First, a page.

What’s interesting there is that the colonists were supposed or allowed to make their own laws. If those laws were not supposed to contradict those of England, then why allow them to make laws at all? Why not just say “follow the laws of England”?

The answer may be twofold. First, on England’s side, there was no real written body of laws, no constitution, to copy and take with them. Second, on the Puritans’ side, there was the understanding that special and/or unexpected conditions in the New World might call for new laws not pertinent to England. But on MBC’s side, there was also the firm if unspoken intent to function as a nearly sovereign state. The battle it fought to remain so is amazingly similar to the battle against royal authority in which Massachusetts took the lead in the 1770s.

As early as 1634, the Commission for Regulating Plantations, headed by Puritan foe Archbishop Laud, was seeking a revocation of MBC’s patent. In September 1634 Winthrop received a letter from the Commission stating its power to oversee MBC, call in its patent, make its laws, remove and punish its (elected) governors, “hear and determine all causes, and inflict all punishments, including death itself.” Sounds remarkably like the terms of what we call “the Intolerable Acts” of 1774.

In January 1635 we find the MBC reacting to this threat, calling all ministers, the governor, and the assistants together in Boston to discuss “what we ought to do if a general governor be sent out of England.” The decision was “we ought not to accept him but defend our lawful possessions (if we were able); otherwise, to avoid or protract [the confrontation].”

This very early decision not to accept direct rule from England is startling. This is from a colony only 4 years old, and far from secure. The MBC perceived threats from the French in Canada and today’s Maine, the Dutch in New York and western Connecticut, and potentially the Pequots or Narragansetts in Eastern Connecticut. Yet it was determined to manage its own affairs.

Over the years, the MBC used the “avoid or protract” strategy to parry many requests that it send its patent back to England for “review.” Winthrop particularly used a wide variety of ruses to avoid this. Once a demand for the patent was included in a packet of personal letters for Winthrop, and so, since the demand had not come by the usual official government messenger, Winthrop decided it was not a valid demand, and instructed the person who had delivered it to him to say the letter did not exist.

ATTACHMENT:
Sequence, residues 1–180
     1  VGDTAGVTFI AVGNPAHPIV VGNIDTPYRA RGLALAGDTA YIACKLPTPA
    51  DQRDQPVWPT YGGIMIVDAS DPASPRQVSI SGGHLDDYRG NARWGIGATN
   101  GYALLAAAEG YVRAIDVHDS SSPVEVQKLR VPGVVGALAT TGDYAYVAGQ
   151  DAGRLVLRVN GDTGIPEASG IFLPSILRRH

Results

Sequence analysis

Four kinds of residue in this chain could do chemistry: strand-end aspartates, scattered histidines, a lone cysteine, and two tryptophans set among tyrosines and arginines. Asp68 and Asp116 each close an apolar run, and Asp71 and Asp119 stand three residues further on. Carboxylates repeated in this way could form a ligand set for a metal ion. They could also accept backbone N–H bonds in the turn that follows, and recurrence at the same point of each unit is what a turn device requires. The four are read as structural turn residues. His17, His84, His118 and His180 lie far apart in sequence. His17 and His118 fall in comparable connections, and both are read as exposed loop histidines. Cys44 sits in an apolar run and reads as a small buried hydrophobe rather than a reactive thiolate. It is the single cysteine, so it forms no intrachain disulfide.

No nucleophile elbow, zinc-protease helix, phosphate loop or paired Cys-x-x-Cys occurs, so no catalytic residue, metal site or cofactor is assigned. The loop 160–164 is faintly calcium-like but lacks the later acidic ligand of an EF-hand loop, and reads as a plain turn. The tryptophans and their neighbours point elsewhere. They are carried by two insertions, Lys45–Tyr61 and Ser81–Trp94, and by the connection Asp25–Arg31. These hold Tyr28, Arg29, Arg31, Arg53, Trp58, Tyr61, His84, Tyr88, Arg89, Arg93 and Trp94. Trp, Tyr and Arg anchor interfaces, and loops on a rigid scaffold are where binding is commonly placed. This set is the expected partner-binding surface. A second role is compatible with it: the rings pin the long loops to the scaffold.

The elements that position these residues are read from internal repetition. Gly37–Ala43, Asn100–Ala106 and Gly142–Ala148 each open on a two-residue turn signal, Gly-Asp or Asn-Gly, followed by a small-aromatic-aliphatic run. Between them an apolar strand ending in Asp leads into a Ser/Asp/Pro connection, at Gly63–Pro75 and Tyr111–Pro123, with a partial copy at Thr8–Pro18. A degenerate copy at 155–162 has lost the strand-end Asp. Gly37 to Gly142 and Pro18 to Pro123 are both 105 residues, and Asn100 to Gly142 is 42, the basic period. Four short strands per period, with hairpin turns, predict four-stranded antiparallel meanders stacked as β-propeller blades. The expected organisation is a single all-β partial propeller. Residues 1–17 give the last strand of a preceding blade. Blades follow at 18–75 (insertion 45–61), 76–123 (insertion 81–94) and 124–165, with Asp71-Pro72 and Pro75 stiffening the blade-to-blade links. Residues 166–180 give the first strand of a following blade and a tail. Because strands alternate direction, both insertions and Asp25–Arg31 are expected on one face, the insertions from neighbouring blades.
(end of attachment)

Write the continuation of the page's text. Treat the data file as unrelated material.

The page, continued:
By September 1638, there was “a very strict order” from the Commission for sending back the patent. Again the governor (Winthrop) and the court of assistants agreed not to do so, “because then such of our friends and others in England would conceive it to be surrendered, and that thereupon we should be bound to receive such a governor and such orders as should be sent to us, and many bad minds, yea, and weak ones among ourselves would think it lawful if not necessary to accept a [royal] governor…”

It’s pretty astonishing to see English colonists in 1638 stating that only the bad or the weak would think it lawful to accept a governor from their home country, from the king they are supposed to be loyal to, from the government supposedly governing them.

The final quote on this could have come from 1775: in February 1641, the Long Parliament was in session, and its triumphant English Puritans wrote to MBC asking for its best men to come back to England to join Parliament and further their great work. The MBC’s response?